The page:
- Practice your swing. Simulate batting motion, first without the bat, then with the bat. Start with a slow and deliberate motion and gradually increase speed and strength of swing.
- Stay loose. Remember that you'll be standing still a lot during the game, so try to jog in place and keep stretching to stay warm while you're not in motion.
Many softball injuries are throwing-related or sliding-related. Proper technique can save you from many of these. Work with a coach or an experienced player to make sure your technique is correct.
"Many players believe head-first sliding is faster, but it puts you at risk for many injuries," says Dr. Rice, an active softball player who always slides feet-first. Doing it correctly can get you to base quickly and help you avoid injury, so find someone to help you with your slide. Studies have shown that head first sliding into first base is definitely slower than simply running.
The same goes for throwing: You need to do it right. Your whole body should be used during a throw, from your legs, through your trunk, to your shoulder and down your arm. Improper technique can cause a lot of pain. And never throw too hard, too fast. Start by throwing short distances, softly.
There are plenty of simple steps you can take to make a softball game safer. Dr. Rice cites the following examples:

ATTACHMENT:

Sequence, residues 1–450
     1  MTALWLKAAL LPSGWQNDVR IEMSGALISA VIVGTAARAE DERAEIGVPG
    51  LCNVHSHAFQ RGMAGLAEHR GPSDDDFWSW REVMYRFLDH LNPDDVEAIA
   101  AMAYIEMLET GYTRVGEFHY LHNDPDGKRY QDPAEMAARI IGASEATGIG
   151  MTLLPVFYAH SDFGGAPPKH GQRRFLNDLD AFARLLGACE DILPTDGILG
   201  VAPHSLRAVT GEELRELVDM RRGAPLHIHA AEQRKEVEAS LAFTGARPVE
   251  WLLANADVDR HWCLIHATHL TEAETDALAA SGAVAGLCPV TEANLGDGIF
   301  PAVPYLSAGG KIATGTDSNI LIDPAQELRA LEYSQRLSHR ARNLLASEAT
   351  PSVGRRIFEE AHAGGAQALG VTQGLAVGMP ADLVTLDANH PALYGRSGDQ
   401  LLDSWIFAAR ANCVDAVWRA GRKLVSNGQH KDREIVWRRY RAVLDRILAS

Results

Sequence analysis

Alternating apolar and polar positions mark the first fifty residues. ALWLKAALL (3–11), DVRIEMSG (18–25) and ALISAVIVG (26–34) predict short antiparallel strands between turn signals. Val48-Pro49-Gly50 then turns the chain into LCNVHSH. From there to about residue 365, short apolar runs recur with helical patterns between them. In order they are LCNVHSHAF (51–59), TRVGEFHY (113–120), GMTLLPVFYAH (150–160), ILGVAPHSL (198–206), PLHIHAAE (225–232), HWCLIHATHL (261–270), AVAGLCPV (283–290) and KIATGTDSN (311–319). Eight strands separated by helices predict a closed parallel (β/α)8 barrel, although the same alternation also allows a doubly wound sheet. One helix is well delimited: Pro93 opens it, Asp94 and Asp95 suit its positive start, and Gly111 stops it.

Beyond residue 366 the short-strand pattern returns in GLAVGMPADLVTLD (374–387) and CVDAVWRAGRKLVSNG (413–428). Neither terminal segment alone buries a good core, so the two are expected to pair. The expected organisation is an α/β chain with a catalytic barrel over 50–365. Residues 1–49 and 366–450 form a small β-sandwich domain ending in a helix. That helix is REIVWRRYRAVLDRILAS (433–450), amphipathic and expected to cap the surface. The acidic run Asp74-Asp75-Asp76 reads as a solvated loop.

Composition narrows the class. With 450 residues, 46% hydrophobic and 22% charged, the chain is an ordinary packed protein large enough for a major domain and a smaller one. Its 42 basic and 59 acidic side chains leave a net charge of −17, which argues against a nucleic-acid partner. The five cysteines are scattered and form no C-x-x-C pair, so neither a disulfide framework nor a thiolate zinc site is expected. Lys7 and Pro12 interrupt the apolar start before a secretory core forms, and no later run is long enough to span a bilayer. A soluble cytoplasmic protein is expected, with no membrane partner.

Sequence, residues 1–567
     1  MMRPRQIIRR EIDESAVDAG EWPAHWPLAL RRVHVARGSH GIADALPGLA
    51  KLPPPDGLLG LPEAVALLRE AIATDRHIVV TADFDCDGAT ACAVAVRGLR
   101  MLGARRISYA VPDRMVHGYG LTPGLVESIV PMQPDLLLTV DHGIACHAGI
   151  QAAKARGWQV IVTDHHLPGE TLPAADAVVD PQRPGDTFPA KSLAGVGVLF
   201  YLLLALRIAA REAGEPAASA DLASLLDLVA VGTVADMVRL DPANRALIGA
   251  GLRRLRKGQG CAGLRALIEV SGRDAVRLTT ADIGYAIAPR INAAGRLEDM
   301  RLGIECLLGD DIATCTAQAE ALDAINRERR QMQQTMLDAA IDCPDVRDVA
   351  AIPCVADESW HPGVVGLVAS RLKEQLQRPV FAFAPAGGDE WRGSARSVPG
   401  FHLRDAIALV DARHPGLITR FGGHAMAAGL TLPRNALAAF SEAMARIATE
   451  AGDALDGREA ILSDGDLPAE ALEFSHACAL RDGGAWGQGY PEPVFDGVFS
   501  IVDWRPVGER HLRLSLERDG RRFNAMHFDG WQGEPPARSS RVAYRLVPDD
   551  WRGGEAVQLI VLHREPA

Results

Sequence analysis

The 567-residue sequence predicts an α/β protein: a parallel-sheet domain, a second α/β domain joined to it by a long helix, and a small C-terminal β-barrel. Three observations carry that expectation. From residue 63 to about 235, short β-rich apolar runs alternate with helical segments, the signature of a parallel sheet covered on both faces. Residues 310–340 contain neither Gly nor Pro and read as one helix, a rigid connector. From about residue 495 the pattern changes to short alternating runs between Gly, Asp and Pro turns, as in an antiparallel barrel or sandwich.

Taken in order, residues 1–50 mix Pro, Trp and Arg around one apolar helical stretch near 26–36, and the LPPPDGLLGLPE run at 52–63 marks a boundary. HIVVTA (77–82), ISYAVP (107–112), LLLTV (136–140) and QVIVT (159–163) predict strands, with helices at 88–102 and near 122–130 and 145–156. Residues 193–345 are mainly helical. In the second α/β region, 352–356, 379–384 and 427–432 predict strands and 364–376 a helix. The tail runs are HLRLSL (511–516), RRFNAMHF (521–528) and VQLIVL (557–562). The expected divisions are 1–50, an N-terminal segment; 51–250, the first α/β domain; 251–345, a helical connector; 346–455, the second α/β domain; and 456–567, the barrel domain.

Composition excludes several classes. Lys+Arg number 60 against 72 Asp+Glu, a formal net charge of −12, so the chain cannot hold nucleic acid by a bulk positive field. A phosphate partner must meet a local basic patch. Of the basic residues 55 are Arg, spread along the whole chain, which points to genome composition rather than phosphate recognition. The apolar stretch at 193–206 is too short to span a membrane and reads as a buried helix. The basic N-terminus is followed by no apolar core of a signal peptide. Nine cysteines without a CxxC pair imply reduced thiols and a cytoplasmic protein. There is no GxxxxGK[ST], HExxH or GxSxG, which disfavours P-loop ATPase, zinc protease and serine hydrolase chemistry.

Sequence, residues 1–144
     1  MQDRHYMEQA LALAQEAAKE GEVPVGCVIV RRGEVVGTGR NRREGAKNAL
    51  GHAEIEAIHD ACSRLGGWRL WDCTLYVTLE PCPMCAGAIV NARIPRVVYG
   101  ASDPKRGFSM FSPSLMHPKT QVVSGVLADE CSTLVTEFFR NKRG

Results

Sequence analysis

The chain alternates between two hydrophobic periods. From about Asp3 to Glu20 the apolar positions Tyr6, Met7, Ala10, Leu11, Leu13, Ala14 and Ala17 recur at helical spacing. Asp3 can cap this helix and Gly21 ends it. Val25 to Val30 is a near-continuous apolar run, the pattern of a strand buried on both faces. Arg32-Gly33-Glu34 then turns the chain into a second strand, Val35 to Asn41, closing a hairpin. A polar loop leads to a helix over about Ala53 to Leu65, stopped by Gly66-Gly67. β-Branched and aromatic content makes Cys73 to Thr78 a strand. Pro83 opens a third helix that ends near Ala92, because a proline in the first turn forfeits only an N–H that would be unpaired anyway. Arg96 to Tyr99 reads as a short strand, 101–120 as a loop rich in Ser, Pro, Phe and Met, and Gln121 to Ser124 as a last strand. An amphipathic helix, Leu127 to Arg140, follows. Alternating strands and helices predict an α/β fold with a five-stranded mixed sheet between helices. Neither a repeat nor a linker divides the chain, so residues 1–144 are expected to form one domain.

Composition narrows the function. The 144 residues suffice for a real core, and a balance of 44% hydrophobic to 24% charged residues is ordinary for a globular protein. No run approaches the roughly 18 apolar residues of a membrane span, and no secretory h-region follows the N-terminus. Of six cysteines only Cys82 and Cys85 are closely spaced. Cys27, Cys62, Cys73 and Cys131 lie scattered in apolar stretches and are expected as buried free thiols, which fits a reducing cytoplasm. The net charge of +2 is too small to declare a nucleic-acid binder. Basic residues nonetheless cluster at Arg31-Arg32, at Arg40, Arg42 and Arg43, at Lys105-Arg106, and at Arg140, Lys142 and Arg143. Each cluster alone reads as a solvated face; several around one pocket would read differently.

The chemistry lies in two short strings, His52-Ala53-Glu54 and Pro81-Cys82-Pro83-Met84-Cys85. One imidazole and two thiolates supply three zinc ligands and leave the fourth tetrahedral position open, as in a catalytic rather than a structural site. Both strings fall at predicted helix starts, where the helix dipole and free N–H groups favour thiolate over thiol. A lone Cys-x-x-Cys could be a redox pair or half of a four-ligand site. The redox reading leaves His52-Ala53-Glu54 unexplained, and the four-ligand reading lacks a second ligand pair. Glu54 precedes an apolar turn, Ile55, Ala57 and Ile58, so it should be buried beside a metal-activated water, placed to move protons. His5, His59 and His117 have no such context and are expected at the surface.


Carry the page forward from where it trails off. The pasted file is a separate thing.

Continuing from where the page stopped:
- Communicate with your fellow outfielders. Make sure you know where everyone is and who's going for the ball, and you'll avoid plenty of collisions.
- Have a good glove. You don't want a glove that's so old or so small it doesn't stay on or the ball pops out of it.
- Don't block the base. You'll avoid collisions with runners if you give them a clear path to the base.
- Use breakaway bases. If you're setting up the field, make sure to use bags that give when a runner slides into them. It might make the field less tidy, but they can save many a sprained or broken ankle.
- Use kneepads and sliding pants. You'll avoid a lot of cuts, abrasions, and bruises.
- Wear an ankle brace. If you have a history of ankle sprains and you're playing on a field that's not in great condition, you'll need a little extra support.
- Wear protective goggles over your glasses. You don't want lenses shattering in your eyes.
- Be alert. Know where the ball is and make an effort not to let it hit you in the head.
- Treat your injuries. If you do suffer a softball injury, take care of it. Respect a sore arm, and rest it so you don't get seriously injured. If you suffer a contusion, ice the injury and apply compression to prevent excessive swelling. And if you're seriously injured, don't try to buck the statistics. Get to the emergency room.
American Academy of Orthopaedic Surgeons
Centers for Disease Control and Prevention
Institute for Preventative Sports Medicine
Last reviewed December 2008 by ]]>Robert Leach, MD]]>
Please be aware that this information is provided to supplement the care provided by your physician. It is neither intended nor implied to be a substitute for professional medical advice. CALL YOUR HEALTHCARE PROVIDER IMMEDIATELY IF YOU THINK YOU MAY HAVE A MEDICAL EMERGENCY. Always seek the advice of your physician or other qualified health provider prior to starting any new treatment or with any questions you may have regarding a medical condition.